Articles tagged fiction, booker nominee

19 May 2015 // 2:05 AM

Reif Larsen Roams Too Far Afield With ‘I Am Radar’

There are good stories here, but they’re buried in excess.

READ more
Life on Tour Is Exactly What You Might Expect

The vibrance of A Million Miles is hindered by the unnecessary facade of fiction.

READ more
In His Fourth Novel, Paul Beatty Aims to Get Under Your Skin

The Sellout is a blistering satire from a gifted poet and novelist. Just prepare to be uneasy!

READ more
Rafael Ygelesias’ ‘Wisdom of Perversity’ Works Its Way Under the Skin

Inspired by Yglesias’ own history of childhood sexual abuse, this seeks to address the complexities from the inside, to reveal how humanity can be twisted into many forms.

READ more
Harper Lee’s Long-Awaited Second Novel, ‘Go Set a Watchman’, Is Out in July

A sequel to To Kill a Mockingbird is coming out this summer – and on a wave of controversy, at that.

READ more
‘Astonish Me’ Raised My Eyebrows, But Not for the Reasons You Might Think

I can only agree with the title. I am astonished.

READ more
Sandra Newman’s ‘The Country of Ice Cream Star’ Is a Heavy Read

There’s talk of war, rape, disease -- all things we associate with the worst of adulthood. But Newman never lets us forget that these are children.

READ more
Haruki Murakami’s Characters Grapple With Friendship and Aging, But His Stories Never Grow Old

Stapled onto an ephemeral present shaped by Lexus cars, Twitter, and transformational training, Murakami engages with timeless themes in his latest colourful tale.

READ more
John Updike Gives the Mundane Its Beautiful Due

Depending on whom you listen to, God, or the devil, is in the details, and that's exactly where John Updike's talent lies, too.

READ more

30 Aug 2011 // 6:15 AM

Ernest Hemingway, Reporter

The years spent as a reporter painting the scene in Parisian cafes and on tuna fishing boats in Spain sharpened Ernest Hemingway's ability to carefully, confidently build a story.

READ more
Print-On-Demand and the Future of Independent Publishing, Part 1

In part one of this two-part look at the world of Print-On-Demand books, PopMatters speaks to major figureheads in the POD industry to determine where it is, what it can do, and most importantly, where it's going ...

READ more
Botticelli, Sandwiches Outside and Dreams of Bradbury’s ‘Dandelion Wine’

Boxed in by bandage-colored cubicle walls in downtown Manhattan, my thoughts drift to sweet days in Florence and Rome, and to lines in Ray Bradbury’s ‘Dandelion Wine’.

READ more
‘The Elephant’s Journey’ Carries the Reader Along on this Shared Endeavor

Saramago's trickery emphasizes an obvious, but often neglected, point about literature: words create reality rather than merely transcribe it.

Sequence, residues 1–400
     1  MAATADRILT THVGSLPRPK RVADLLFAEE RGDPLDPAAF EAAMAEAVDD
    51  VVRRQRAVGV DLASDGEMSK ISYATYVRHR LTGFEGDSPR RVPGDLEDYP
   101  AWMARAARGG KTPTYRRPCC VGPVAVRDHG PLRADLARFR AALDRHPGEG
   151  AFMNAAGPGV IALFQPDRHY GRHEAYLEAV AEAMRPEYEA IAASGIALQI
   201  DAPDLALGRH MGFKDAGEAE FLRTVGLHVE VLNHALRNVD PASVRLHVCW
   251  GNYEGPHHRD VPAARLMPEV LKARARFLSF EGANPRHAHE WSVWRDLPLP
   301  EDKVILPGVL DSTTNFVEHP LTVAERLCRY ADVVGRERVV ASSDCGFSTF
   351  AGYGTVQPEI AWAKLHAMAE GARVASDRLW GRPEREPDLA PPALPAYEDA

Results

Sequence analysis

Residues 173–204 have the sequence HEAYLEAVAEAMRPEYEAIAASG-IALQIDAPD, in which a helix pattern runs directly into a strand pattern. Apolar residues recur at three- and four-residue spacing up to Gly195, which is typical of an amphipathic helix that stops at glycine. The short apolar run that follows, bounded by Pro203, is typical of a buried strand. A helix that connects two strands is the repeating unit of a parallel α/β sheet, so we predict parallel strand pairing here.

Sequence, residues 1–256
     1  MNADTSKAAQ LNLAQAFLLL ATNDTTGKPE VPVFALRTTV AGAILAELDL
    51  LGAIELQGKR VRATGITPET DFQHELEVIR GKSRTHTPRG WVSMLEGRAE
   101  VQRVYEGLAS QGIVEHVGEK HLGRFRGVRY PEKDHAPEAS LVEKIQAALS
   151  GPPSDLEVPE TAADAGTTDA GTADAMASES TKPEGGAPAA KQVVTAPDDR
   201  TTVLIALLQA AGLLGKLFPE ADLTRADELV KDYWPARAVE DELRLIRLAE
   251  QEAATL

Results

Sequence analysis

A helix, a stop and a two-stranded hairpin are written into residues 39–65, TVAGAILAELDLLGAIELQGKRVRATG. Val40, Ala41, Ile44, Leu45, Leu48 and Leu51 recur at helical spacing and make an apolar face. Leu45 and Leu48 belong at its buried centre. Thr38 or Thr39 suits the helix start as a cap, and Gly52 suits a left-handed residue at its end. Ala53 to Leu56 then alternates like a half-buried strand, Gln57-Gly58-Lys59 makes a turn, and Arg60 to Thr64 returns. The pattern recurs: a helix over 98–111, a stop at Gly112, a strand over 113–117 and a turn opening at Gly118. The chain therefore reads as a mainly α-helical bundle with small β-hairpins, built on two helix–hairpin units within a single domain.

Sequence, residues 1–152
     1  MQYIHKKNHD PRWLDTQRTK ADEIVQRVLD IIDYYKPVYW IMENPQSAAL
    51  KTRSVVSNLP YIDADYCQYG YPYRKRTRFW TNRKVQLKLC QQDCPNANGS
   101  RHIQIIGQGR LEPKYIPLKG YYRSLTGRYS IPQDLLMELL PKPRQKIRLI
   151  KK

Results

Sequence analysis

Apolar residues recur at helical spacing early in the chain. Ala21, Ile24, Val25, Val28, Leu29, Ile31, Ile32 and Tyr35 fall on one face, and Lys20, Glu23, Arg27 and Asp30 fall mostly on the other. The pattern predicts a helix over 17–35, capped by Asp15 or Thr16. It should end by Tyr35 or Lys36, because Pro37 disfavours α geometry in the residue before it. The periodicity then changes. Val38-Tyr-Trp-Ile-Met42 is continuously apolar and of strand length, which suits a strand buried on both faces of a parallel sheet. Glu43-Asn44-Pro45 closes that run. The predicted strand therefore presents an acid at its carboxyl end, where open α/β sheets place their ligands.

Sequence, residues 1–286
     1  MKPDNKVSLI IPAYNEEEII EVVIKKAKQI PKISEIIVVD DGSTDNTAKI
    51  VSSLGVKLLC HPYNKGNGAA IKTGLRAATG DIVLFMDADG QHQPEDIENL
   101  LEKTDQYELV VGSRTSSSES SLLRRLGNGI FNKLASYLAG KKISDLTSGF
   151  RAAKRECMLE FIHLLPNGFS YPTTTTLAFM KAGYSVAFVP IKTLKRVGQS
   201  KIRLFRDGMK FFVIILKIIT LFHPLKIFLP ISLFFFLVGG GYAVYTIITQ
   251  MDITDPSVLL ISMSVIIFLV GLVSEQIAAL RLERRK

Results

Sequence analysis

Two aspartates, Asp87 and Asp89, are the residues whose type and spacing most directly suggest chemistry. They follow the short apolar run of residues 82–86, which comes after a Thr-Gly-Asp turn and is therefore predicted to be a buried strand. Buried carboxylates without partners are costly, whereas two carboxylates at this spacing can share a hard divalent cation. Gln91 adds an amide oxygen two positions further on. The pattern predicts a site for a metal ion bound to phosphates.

READ more
Ray Bradbury Wrote Me Back

My affinity for Ray Bradbury's work is rooted in his "accidental novels", as well as in the collections that plunder what is seemingly a limitless vault of manuscripts.

READ more
Too Much Pop Culture? A Look at Lise Haines’ Girl in the Arena

Do pop culture references in contemporary YA and literary fiction hinder the longevity and relevance of modern writing?

READ more
The Dead Hand: A Crime in Calcutta by Paul Theroux

Writing a novel about writer’s block is a bit like cleaning a revolver when you’re not entirely incapable of suicide. Paul Theroux’s new book, a clumsy attempt at the mystery novel, goes off in his own hand.

READ more
Point Omega by Don DeLillo

Entirely too long at 117 pages, Don DeLillo’s latest novel was inspired by an installation at the Museum of Modern Art in 2006 called 24 Hour Psycho.

READ more
Genre Wars: Fiction Vs. Memoir

Ben Yagoda’s book, Memoir: A History, is a fun romp through centuries of autobiography and memoir. Starting in the fifth century with The Confessions

READ more
The Humbling by Philip Roth

Simon Axler, a stage and screen actor of near legendary stature, has earned the “reputation as the last of the best of the classical American stage actors.” The novel begins: “He’d lost his magic.”

READ more
Nicholson Baker’s Enthusiasms and Passionate Obsessions

Nicholson Baker writes from his enthusiasms, which are many and ever changing. Among other things, his books have focused on sex, John Updike, public libraries, and pacifism and World War II. His latest, The Anthologist, is his love letter to poetry.

READ more
More Recent Articles
//Mixed media
//Blogs

'Wanted' Is a Spaghetti Western That Will Leave You Wanting

// Short Ends and Leader

"The charisma of Giuliano Gemma and some stellar action sequences can't save this sub-par spaghetti western.

READ the article